NASCAR & Auto Racing

Erik Jones’ big break — his first Sprint Cup start — will be at Kansas Speedway

Erik Jones, 18, turned in the fastest lap at 191.306 mph during Friday’s final practice before the SpongeBob SquarePants 400 at the Kansas Speedway. The race will be Jones’ first Sprint Cup Series start.
Erik Jones, 18, turned in the fastest lap at 191.306 mph during Friday’s final practice before the SpongeBob SquarePants 400 at the Kansas Speedway. The race will be Jones’ first Sprint Cup Series start.

Perhaps it’s fitting that Nickelodeon is the title sponsor for Saturday’s Sprint Cup race at Kansas Speedway.

After all, NASCAR’s next big thing — Erik Jones — will make his first Sprint Cup Series start during the SpongeBob SquarePants 400, starting in place of injured Cup star Kyle Busch in the No. 18 M&M’s/Red Nose Day Toyota.

“That’s pretty good and pretty funny,” said Jones, 18, who was born roughly three years before SpongeBob SquarePants debuted in May 1999.

Jones, who put together the best 10-lap average during Friday’s morning practice session, barely had his driver’s license when he won his first race in the Camping World Truck Series in 2013 at Phoenix International Raceway.

He was behind the wheel for five races that season and claimed a top-10 finish in every race for Kyle Busch Motorsports.

Jones, who turned in the fastest lap (191.306 mph) during Friday’s final practice, drove in 12 trucks races last season, including three more wins and eight top-10 finishes. He also made his debut in the Xfinity Series in 2014 and had top-10 finishes in all three starts.

Three weeks ago, Jones got his first taste of the Sprint Cup Series when he took over for Denny Hamlin at Bristol Motor Speedway. Hamlin drove the race’s first 22 laps but couldn’t continue because of neck spasms.

Jones was back home preparing to take a nap the day after he finished fourth in the Xfinity race when Joe Gibbs Racing called and asked him to return to Bristol, Tenn., as Hamlin’s fill-in for the rest of the race.

That was predominantly a learning experience for Jones.

“Obviously, that was a tough situation to be put in, and I felt like if we could have started farther up front and not all the way at the back that we could have possibly finished a little better than we did,” Jones said of the experience at Bristol. “I felt pretty comfortable in the car by the end of the day. … To feel that comfortable in the car there made me feel pretty confident about this weekend.”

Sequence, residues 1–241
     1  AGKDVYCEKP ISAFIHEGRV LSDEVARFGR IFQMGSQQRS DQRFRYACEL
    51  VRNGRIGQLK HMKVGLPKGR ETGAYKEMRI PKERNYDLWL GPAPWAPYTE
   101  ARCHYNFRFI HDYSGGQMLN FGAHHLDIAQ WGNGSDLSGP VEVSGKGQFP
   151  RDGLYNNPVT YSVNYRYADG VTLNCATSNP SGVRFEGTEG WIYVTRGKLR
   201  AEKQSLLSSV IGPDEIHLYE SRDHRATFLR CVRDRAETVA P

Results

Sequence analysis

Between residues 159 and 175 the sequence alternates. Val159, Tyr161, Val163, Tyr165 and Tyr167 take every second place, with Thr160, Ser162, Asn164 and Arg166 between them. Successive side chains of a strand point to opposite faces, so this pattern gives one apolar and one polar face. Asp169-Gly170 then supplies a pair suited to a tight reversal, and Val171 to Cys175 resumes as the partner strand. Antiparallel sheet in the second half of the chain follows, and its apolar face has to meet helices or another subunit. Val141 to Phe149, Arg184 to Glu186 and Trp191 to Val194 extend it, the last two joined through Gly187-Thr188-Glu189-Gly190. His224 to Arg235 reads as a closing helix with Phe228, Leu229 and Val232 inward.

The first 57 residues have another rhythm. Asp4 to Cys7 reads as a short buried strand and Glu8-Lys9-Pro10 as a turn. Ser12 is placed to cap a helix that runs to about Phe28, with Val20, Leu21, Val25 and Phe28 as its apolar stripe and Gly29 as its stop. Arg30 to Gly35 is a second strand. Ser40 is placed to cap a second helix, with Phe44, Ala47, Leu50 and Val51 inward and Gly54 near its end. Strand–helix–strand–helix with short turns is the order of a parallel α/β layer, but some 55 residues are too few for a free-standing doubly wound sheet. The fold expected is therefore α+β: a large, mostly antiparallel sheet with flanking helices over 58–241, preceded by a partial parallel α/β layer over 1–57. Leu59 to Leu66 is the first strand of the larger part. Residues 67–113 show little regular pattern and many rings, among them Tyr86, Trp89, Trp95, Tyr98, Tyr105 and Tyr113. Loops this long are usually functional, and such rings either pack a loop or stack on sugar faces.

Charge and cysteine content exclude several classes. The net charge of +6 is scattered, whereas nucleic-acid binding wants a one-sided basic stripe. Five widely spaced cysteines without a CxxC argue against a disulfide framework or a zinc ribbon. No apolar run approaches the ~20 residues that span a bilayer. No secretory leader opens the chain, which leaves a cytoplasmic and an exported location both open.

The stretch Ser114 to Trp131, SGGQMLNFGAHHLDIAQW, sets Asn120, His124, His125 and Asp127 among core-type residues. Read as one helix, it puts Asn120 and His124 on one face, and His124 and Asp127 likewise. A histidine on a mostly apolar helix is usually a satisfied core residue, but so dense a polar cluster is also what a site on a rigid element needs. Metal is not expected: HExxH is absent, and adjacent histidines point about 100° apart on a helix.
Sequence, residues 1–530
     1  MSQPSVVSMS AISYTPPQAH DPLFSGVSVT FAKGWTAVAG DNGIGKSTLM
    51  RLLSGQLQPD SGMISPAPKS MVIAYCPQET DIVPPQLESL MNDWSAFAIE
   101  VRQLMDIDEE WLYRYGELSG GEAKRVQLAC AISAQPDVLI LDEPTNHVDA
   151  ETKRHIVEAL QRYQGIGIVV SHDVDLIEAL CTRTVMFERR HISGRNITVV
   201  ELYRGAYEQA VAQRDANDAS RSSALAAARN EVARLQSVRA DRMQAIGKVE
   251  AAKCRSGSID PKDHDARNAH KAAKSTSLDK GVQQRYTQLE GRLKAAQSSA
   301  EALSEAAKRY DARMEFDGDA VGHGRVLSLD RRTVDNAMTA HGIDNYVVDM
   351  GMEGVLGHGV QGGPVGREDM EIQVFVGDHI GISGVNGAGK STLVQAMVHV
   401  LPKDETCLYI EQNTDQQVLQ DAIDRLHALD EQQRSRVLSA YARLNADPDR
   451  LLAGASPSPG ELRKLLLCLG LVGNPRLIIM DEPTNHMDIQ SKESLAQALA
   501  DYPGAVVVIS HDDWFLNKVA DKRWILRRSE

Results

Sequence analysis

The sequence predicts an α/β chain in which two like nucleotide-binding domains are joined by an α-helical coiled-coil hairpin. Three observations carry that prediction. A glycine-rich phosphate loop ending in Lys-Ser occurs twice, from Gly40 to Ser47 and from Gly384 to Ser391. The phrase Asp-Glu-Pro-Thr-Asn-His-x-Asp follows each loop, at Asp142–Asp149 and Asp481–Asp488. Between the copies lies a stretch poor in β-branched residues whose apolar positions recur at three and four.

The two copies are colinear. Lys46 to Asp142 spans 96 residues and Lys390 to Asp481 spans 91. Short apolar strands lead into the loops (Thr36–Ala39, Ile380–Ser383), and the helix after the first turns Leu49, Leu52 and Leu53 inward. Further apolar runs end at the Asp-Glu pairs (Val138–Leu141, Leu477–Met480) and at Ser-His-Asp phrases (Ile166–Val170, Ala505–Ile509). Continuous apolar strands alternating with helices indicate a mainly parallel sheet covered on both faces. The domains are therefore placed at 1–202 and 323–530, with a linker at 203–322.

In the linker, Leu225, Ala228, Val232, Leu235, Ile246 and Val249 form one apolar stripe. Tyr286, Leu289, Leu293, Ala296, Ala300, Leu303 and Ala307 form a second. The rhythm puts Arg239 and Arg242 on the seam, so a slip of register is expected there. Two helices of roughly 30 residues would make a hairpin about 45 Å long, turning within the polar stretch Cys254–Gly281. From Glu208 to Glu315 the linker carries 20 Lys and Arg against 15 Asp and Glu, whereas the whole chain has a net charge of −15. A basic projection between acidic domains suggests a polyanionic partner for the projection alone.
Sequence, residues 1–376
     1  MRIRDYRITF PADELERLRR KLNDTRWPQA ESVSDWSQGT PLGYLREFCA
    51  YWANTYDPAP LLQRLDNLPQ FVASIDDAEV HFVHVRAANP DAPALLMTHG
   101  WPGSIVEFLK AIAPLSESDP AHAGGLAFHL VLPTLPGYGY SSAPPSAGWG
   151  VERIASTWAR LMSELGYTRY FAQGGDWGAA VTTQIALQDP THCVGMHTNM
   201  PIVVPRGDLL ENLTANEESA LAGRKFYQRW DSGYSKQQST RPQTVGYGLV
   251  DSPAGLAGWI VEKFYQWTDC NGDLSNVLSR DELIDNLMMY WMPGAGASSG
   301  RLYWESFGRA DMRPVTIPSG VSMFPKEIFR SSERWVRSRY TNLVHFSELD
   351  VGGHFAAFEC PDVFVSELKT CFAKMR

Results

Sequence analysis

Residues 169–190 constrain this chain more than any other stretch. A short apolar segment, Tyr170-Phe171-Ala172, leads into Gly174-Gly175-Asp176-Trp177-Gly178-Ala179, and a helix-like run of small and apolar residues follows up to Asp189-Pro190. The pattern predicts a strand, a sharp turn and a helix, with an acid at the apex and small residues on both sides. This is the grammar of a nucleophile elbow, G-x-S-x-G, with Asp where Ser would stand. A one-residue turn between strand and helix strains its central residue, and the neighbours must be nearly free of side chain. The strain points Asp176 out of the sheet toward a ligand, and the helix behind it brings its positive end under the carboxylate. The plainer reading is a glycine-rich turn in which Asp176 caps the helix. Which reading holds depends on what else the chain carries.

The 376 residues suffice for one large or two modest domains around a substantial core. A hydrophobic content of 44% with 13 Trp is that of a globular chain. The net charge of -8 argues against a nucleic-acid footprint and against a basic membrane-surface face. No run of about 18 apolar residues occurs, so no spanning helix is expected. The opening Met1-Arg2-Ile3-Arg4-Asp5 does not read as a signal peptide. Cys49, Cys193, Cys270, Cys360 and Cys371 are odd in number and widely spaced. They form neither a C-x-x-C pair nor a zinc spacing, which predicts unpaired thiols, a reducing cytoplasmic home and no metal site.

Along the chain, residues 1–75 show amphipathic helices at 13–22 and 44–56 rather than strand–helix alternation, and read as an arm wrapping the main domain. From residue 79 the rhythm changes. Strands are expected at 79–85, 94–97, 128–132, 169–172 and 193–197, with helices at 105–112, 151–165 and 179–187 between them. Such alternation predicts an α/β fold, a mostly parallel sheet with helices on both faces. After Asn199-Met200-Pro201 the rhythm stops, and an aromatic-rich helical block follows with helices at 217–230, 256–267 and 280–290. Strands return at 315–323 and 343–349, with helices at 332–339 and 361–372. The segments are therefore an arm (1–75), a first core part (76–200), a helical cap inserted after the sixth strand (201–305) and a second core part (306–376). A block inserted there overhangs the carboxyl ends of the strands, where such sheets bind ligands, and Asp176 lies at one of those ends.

Jones said Bristol, a half-mile track, remains something of a mystery to him, but he feels more comfortable on 1.5-mile tracks such as Kansas Speedway.

“I feel like the mile-and-a-half tracks are something that’s come to me in the past few months, and it’s something I’ve figured out a little more, which makes me comfortable about this weekend,” Jones said. “I feel really good about it, honestly. Bristol was kind of a big test session for me, letting me get laps and knock some of that new-car, new-team rust off and get a good feel for it.”

Jones has had some success on 1.5-mile tracks already on the Xfinity series. He led seven laps and was in contention to win at Las Vegas Motor Speedway before a late-race crash. He also notched a checkered flag at Texas Motor Speedway.

“I learned a lot (in Las Vegas) about — not only the feel I needed in those cars to go fast and make speed — but some of the other things as well, with racing around other cars, racing side-by-side, racing behind and around traffic, and I think that was a pretty big learning day for me to get more comfortable in a car on a mile-and-a-half,” Jones said. “I think I can take a lot of that stuff over to this side of things.”

Jones, who finished 11th in Friday’s Camping World Trucks Toyota Tundra 250 after running out of gas, isn’t sure how long his cameo on the Sprint Cup circuit will last. But rest assured, at this rate, he’ll be racing in NASCAR’s main series soon.

“Honestly, we haven’t really thought much past this weekend,” Jones said. “We’re all hoping Kyle can come back. I know he’s ready to come back. Right now, it’s just Kansas and going out and seeing what we can do this weekend.”

Busch broke his right leg and left foot in an Xfinity Series race in February at Daytona International Speedway.

To reach Tod Palmer, call 816-234-4389 or send email to Follow him on Twitter at @todpalmer.